National Endowment for the Humanities

Last April I, along with Noah Wardrip-Fruin and Christy Caldwell at University of California, Santa Cruz (UCSC) and Henry Lowood at Stanford, received a National Endowment for the Humanities Digital Humanities Start Up Grant. Our project proposal (online here) is a first pass on an archival and appraisal strategy for academically produced computer games. The focus of the research is on the process of creating computer games in an academic context. We are looking deeply at a game produced by UCSC graduate students and divining the trajectory of development and all the types of artifacts produced by such an effort. There is a general lack of knowledge about how game production functions in an academic research project and our goal is to shed some light on it, both through a technical dive into the development process and an archival narrative of object production.


The game we chose is Prom Week, a social simulation game produced by my lab (the Expressive Intelligence Studio) at UCSC. Although its selection is slightly self-serving we needed full access to a development process and its resulting game. If we want to understand how the development process worked and aggregate all the different outputs it produced then we had to choose something close to home. Private software development is notoriously insular and shielded, an effort to protect IP issues and development talent. Therefore we figured an academic game would provide more open tools and access, especially one in which I could just ask the developers questions if I ran into them at lab meetings, in the hallway or at the food truck.

Given that this type of work is new, we needed to find helpful examples to provide some initial guidance. The two major sources of inspiration are the 1983 Joint Committee on the Archives of Science and Technology (JCAST) report on scientific process, and the Preserving Virtual Worlds Report on game preservation issues. The JCAST report is essentially a detailed description of the problems inherent in the records management and archiving of the scientific process. There is less interest in the official publications, since those are generally clean and organized documents representing the output of a messy research process. JCAST is concerned with archiving the mess, specifically how research institutions should handle and evaluate the myriad artifacts incumbent to scientific research. This type of investigation seemed applicable to the archival treatment of video game development processes and has provided nice guidance so far. The other source, Preserving Virtual Worlds, was the first major government research into the issue of game preservation specifically, and while not concerned with game development process, it still highlights numerous types of documents and extensive technical warnings about the issues inherent in reproducing digital documents.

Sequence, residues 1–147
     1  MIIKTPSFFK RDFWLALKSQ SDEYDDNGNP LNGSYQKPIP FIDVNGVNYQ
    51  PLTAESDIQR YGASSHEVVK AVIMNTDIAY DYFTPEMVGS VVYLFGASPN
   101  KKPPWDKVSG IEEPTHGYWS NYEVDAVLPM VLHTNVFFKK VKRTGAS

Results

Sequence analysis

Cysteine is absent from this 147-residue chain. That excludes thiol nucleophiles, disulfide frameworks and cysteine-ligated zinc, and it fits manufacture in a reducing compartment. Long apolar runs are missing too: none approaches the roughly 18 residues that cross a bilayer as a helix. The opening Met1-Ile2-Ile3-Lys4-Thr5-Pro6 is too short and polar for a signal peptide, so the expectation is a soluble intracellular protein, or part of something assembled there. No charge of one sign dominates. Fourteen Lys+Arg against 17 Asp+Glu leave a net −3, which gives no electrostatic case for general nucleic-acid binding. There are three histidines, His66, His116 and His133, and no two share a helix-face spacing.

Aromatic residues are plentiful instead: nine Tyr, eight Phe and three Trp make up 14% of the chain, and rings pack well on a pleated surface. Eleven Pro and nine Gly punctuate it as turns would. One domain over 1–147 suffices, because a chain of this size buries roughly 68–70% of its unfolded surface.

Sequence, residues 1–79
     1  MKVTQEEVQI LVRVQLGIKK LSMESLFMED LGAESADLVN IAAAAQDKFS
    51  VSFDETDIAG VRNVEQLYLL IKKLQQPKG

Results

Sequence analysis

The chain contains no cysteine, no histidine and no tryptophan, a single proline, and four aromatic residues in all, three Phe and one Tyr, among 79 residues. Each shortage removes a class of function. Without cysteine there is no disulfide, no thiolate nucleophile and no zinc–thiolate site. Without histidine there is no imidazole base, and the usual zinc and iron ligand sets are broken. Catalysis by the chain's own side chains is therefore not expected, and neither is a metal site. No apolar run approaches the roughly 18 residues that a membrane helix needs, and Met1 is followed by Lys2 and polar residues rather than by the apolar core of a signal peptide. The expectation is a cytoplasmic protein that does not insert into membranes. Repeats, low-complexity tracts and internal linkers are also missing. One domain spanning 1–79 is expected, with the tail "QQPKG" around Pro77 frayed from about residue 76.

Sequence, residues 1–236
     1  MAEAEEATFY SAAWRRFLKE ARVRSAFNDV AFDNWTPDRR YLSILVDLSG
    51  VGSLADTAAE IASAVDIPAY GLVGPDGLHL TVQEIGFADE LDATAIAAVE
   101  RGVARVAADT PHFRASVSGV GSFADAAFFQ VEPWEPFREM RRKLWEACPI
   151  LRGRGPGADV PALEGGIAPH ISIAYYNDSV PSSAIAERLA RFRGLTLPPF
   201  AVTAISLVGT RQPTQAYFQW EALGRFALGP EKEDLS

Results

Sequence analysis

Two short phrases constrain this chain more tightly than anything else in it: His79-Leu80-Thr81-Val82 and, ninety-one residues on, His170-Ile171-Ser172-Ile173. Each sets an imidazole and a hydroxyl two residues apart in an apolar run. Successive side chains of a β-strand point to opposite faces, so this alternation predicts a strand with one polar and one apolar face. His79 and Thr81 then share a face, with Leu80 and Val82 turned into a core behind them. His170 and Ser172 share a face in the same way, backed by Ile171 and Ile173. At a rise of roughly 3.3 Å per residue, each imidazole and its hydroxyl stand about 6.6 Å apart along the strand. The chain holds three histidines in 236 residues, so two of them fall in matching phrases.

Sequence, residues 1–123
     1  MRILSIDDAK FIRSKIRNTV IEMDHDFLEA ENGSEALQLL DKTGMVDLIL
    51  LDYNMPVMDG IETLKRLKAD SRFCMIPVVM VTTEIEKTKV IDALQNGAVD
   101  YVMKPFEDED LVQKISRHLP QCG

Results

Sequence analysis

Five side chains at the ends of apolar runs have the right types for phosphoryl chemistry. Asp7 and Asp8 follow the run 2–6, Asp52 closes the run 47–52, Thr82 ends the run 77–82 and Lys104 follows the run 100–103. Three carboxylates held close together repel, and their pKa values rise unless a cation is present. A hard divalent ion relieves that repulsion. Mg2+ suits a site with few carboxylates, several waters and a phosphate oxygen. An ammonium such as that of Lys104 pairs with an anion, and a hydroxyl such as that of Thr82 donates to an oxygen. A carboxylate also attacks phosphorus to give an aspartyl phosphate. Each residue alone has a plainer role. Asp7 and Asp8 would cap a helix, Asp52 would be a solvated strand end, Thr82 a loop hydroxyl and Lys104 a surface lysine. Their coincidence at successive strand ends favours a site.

The process of my current work on Prom Week is informed by both reports and seeks a middle path to explain how the development process works in an academic context, what types of documents are produced and what technical issues one would face if they were crazy enough to actually archive it all.

A final note here. The academically produced games that we are concerned with are those pieces of digital entertainment software produced with a specifically teleological bent. They are designed to research some processes or validate some novel system of play, design, or pedagogy with hopes of publishable academic results. This context is then slightly different than the corporate or independent development process, but it is hoped that many considerations will map accordingly.

References (yes in a blog post):

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